Wrapping up Mother's Month, here's a western from 1962 featuring two great classic actors; James Stewart and John Wayne. For those more familiar with the John Wayne who calls people "pilgrim", this is pretty much the movie that made that famous.
The film begins with an aged Senator Ranse Stoddard (Stewart) and his wife, visiting the small town of Shinbone. It is there that a funeral is being held for the likes of Tom Doniphon (Wayne). It is here that the Senator is asked to review is past, and who Tom Doniphon was to him in his past.
The story then does a 25-year flashback to when Stoddard arrived in Shinbone as a young attourney. His stage coach is robbed by Liberty Valance (Lee Marvin), and when Stoddard stands up to him, he is brutally attacked by Valence's men. This results in Doniphon rescuing him, and giving him a place to stay until he gets on his feet.
When told about Valance, Stoddard finds out that Doniphon is the only man brave enough to stand up to Valance and his men, which sparks an energy inside Stoddard to train up and do the right thing, all while gaining respect as the new lawyer in town, as well as a teacher for some who can't read or write.
This is another example of a great American classic that one might look back on as inspiration for many other films. For example, one that springs to mind is the general scenario of 'Back to the Future III' in which Marty finds himself having to stand up to Tannen while gaining his own respect as a new man in town, willing to stand up to the bullies.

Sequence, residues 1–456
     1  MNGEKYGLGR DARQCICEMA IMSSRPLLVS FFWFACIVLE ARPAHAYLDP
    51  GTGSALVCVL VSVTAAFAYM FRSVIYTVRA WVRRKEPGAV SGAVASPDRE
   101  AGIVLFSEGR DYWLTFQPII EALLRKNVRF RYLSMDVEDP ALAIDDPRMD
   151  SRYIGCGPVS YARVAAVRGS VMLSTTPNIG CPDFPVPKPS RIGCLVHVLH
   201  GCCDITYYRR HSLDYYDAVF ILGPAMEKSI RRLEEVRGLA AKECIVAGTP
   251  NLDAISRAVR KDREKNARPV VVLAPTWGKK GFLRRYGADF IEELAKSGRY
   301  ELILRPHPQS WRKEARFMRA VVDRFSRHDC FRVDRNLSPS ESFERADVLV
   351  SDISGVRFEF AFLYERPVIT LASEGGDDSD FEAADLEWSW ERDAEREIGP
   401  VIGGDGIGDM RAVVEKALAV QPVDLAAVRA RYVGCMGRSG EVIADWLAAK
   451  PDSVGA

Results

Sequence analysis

Though it stands with just the one Oscar nomination for Costume Design, it has gone down in history as one of the most important films of all time. Important enough of a piece of American history, that In 2007, it was chosen for preservation in the United States National Film Registry by the Library of Congress as being "culturally, historically, or aesthetically significant."... but how did I like it?
Well, to be honest, I've never been insanely big on the whole western genre. To me, that was more where my parents heroes lied, while I got the opportunity to see some of my comic book heroes instead. And I mean, as a whole, it's not exactly the most sought out genre Hollywood has to offer anymore, either. However -as far as the classic western goes, this title should probably be at the top of anyone's watch list when seeking out the "best of".
This is one of those classics that struck me as perhaps a little bit dry and even predictable, at first. However, one always has to take into account when it was released, and the whole cowboy/western thing was kind of the big deal of the time. All things considered, it has actually aged quite well, and I'm glad to have reached back into the past movie collection I would have otherwise ignored as a kid to see it.